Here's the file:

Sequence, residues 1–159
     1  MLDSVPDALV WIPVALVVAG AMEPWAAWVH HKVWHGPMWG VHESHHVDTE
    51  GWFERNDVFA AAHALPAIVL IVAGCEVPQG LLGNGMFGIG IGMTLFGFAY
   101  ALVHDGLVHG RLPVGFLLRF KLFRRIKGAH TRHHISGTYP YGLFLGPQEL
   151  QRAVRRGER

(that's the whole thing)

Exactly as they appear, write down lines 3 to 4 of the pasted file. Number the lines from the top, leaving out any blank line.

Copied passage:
    51  GWFERNDVFA AAHALPAIVL IVAGCEVPQG LLGNGMFGIG IGMTLFGFAY
   101  ALVHDGLVHG RLPVGFLLRF KLFRRIKGAH TRHHISGTYP YGLFLGPQEL